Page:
Last week, Housatonic Community College (HCC) hosted a virtual Black Lives Matter discussion that focused on protective and risk factors. The event was the first in a series of three virtual conversations that will concentrate on racial injustice and what can be done to heal. The next events in the series take place on November 30 and December 14 on HCC’s Facebook page.
Carlton Gill, project coordinator for HCC’s Success Center and Men’s Center, invited two of the area’s top community activists, Chaquanzha Stephenson, CEO and founder of D.O.P.E., Inc., and Wilner Joseph, CEO and founder of Young Athletes 4 Change, for a frank discussion about challenges in black and brown communities, and what changes can be made to advance justice and healing.
“Coming from where I grew up, you want to get out and become something in life. You want to be able to get educated, get the resources that you can get from any circumstances and be able to understand the value of life. As teens growing up in my community, we’re not taught in school about life skills, we’re not taught how to become an entrepreneur, so organizations like mine and Chaquanzha’s are resources where they can get information and grow as leaders,” said Joseph.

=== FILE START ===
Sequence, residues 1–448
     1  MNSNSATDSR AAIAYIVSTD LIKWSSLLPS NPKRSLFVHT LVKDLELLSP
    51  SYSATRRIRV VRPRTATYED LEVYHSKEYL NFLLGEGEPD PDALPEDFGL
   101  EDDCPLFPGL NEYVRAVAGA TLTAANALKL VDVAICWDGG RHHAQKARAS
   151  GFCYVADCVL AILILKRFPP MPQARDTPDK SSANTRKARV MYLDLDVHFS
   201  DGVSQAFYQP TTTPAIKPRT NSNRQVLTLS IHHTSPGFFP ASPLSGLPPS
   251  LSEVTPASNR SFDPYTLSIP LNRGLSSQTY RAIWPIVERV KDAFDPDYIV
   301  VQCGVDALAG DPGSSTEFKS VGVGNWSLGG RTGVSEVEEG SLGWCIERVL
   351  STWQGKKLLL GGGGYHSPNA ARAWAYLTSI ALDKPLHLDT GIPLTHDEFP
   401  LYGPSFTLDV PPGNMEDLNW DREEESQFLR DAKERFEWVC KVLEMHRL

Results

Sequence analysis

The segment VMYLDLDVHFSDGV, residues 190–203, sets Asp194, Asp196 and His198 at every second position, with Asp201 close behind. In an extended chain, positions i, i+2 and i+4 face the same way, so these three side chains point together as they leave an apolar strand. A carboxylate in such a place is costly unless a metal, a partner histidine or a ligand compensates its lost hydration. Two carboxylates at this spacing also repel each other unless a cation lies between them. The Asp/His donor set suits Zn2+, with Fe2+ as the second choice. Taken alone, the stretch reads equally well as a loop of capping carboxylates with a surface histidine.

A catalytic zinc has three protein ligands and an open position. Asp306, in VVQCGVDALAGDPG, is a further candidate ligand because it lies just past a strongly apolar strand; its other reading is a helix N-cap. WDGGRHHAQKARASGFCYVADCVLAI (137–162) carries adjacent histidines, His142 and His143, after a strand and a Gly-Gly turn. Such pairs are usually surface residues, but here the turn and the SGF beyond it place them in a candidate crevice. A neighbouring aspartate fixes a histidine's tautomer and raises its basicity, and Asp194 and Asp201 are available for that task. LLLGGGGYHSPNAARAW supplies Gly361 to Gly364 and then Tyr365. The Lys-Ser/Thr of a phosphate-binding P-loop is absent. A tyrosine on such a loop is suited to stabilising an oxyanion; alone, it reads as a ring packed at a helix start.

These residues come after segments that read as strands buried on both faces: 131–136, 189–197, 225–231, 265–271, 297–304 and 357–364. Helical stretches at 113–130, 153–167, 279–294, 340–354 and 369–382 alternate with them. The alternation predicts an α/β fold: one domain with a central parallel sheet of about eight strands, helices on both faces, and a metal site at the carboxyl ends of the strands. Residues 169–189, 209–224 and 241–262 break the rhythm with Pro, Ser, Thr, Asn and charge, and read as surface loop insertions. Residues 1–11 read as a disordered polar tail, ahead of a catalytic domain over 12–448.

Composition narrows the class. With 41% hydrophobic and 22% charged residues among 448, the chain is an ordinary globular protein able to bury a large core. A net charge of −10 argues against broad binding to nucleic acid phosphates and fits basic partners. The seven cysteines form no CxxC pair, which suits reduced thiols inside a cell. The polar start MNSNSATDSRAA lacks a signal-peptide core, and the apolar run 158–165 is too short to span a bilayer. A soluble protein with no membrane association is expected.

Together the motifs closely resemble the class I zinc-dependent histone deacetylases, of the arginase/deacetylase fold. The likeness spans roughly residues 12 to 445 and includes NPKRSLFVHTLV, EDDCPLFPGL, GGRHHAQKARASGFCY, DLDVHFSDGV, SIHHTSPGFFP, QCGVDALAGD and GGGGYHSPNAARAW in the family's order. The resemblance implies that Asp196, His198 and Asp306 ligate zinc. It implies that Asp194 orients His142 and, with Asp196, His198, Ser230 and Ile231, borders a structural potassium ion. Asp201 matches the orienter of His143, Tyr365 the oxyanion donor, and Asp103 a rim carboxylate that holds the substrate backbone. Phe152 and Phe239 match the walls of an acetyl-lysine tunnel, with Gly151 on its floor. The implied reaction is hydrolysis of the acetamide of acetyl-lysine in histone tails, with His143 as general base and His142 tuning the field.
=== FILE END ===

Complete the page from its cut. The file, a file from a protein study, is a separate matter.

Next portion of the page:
The panelists talked about what the Black Lives Matter movement means to them.
Black Lives Matter is imperative for anybody watching because it’s not really just a race thing, it’s a human thing,” explained Stephenson. “If you’re a human, you have feelings. How can you watch [racial injustice] and not see disparity, not feel bad about it, and think it’s okay?”
“It’s time for the world to really start shedding light on the importance of what black men and black women go through in America,” said Joseph. “It’s time for us to start really focusing on education and economics in our community.”
A dialogue about the systematic institutional structures that disadvantage black and brown communities was held, and looking to the future, the panelists hope the new presidential administration tackles prison reform and places more resources into black and brown communities.
“Having open dialogues is a critical part of reckoning social, racial and economic injustices. At Housatonic, we are hosting these virtual events to do our part in helping to transform the country into one that is more just for all its citizens. I invite everyone to tune in, listen and learn from each other,” said Dwayne Smith, Ph.D., HCC Chief Executive Officer.
The next event in HCC’s Black Lives Matter Virtual Series is entitled ‘Trigger Happy’ and will be held on Monday, November 30th at 6 PM to discuss gun violence. The final event in the series, ‘UJIMA’, will be held on Monday, December 14th at 6 PM to discuss our collective work and responsibilities. Both events are Facebook Live events and can be found by visiting https://www.facebook.com/HCCBridgeport/.